Shiloh Baptist, Montavilla’s first Black church

BY PATRICIA SANDERS

Photograph of the Montavilla Mission congregation, 1916
Source: The Sunday Oregonian, July 30, 1916 (Historic Oregon Newspapers)

I love stories. Stories are how we make sense of the world. Since I began researching Montavilla history about two years ago, I feel like the stories of this neighborhood have been revealing themselves a layer at a time, in all their diversity and complexity.

Most recently my research on Montavilla’s Black community has added yet another layer. It’s a layer so complex and so rich that it’s really several stories.

To me, it makes sense to begin with Shiloh Baptist Church, since for over 40 years it was a center of the community’s spiritual, cultural, and social life.

Before there was Shiloh Baptist in Montavilla, there was Montavilla Mission, founded in 1916. A photo and short article in The Sunday Oregonian of July 30, 1916 credits recently-license preacher, George Gardner (1880 – 1937) and Mrs. Ida “Thomas” [Thompson] (1872 – 1960) with starting this Church which met at East 79th Avenue and Stark Streets.

In the photograph above, Rev. Gardner stands proudly in the center of his flock, but it’s difficult to say which of the women might be 44-year-old Ida Thompson. The congregation around Rev. Gardner seems to be the majority of Montavilla’s Black population at the time.

I count 41 individuals in the photo, compared to the 60 individuals identified as Black or Mulatto that I found in the 1920 United States Census for the area corresponding closely to the boundaries of our current Montavilla neighborhood.

(For a much better, slightly later photograph of the congregation, see Kimberly Stowers Moreland’s “Black Pioneers”, p. 27).

For such a small population, a neighborhood church was unique. At this time, most Black Portland churchgoers would have attended one of the established churches, Mt. Olivet Baptist or Bethel A.M.E. Church, several miles away. It took grit and determination to establish and maintain such a small church for so long.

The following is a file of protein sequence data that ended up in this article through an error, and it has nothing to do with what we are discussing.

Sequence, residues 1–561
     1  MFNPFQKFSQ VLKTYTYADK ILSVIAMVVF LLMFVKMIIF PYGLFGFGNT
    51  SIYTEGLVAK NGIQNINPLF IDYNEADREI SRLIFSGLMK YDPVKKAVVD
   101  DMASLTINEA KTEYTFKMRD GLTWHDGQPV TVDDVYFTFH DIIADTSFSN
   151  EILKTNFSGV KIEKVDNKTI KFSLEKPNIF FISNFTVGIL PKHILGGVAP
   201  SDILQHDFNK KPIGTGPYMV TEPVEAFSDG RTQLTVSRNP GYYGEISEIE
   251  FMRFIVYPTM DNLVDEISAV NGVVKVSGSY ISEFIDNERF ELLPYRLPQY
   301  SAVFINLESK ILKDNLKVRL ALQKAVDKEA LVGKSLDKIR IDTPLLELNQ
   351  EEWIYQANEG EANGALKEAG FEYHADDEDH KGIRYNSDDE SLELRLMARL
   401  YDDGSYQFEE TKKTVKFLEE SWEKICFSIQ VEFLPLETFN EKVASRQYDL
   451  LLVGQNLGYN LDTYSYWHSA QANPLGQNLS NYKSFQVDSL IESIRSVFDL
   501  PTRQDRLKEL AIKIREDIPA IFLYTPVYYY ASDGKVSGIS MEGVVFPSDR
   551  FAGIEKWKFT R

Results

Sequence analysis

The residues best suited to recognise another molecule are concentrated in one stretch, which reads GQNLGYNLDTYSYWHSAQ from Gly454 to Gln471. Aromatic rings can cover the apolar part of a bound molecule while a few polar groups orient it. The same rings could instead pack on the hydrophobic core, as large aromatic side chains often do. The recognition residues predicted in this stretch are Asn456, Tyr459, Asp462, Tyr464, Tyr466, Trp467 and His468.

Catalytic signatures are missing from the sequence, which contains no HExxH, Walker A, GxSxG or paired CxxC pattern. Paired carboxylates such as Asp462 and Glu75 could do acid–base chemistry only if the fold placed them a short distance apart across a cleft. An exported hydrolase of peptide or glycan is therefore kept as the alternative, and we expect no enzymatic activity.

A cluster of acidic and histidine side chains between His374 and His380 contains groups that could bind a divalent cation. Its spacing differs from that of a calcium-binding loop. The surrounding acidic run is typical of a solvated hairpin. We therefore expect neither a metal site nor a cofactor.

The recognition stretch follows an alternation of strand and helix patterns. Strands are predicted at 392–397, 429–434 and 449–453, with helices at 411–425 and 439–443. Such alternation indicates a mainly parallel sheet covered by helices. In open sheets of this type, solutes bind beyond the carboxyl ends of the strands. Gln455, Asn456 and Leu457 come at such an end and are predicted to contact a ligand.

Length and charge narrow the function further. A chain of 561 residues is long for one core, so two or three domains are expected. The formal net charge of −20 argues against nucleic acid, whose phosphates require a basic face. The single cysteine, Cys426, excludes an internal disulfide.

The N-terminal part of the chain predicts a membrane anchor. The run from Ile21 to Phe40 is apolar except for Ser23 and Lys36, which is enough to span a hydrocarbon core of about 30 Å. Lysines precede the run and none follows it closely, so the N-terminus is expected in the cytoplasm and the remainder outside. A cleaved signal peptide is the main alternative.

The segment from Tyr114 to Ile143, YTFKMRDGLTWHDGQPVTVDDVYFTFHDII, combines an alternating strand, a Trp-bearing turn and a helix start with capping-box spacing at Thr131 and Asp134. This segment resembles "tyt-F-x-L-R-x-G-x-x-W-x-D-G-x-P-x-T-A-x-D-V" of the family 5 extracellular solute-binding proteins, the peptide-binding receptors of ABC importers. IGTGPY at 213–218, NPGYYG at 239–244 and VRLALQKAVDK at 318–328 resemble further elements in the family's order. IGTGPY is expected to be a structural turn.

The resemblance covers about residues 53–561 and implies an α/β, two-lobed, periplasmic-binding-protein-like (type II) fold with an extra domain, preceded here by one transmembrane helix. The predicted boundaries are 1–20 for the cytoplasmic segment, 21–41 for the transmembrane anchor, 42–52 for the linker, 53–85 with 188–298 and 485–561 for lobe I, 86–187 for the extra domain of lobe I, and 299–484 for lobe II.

One of the steadfast leaders in this effort was Ida Thompson, who was frequently praised for her contributions. In 1929, when Shiloh Baptist celebrated its 12th anniversary, she was called the Mother of Shiloh. She was not only a founder of the Church, but her commitment to it outlasted every pastor but the last. She was still a trustee in the 1950s.

Who, you may wonder, was this resolute Ida Thompson?

She was born Ida E. Newberry in Hannibal, Missouri in 1872, a mere seven years after that state abolished slavery. Perhaps some of her dedication and resolve came from her father, Lewis Newberry (1842 – 1891), who enlisted as a 19-year-old farmer in the Union Army’s 55th Massachusetts Volunteer Infantry.

This Black regiment fought alongside the famed 54th at the brutal Battle of Honey Hill, South Carolina, as well as other battles in the South.

Because of post-Civil War segregationist laws in Missouri, Ida would have attended a school for Blacks only.

At 16. she married her first husband, Alfred Slayton (1867 – ???) in Hannibal’s oldest Black church, Missionary Baptist. Perhaps this is where her passion for church work began. In 1889 her son, Marcus, was born. By 1906, the Slayton family was living in Denver, Colorado.

Why did they move? I’ve found no specific evidence, but one factor was likely the desire for a safer place to live.

A 2017 study by the Equal Justice Initiative identified Missouri as having the second highest rate of racial lynchings— after Oklahoma— outside the deep South. Furthermore, Marion County, where Hannibal is located, is part of Missouri’s “Little Dixie” area, which had a higher rate of slavery in 1860 and later a higher frequency of mob violence than the rest of the state.

The map below tells the story. It was published by the National Association of Colored People in 1922 and shows what was then known about the number of lynchings in each state between 1889 and 1921. Each dot represents an individual lynching, and this gaves an idea of the risks families like the Slayton’s needed to consider, although they would have relied on reports in the Black press.

NAACP map of lynchings in the US 1889 – 1921
Source: The Crisis Magazine, February, 1922 (Creative Commons)

Missouri, in the center just right of the fold, has a sizable cluster of dots. Two states to the left, Colorado has substantially fewer dots. Oregon, where Ida moved in 1913, has only four dots. So her moves may represent relocations to places that would have been seemed safer.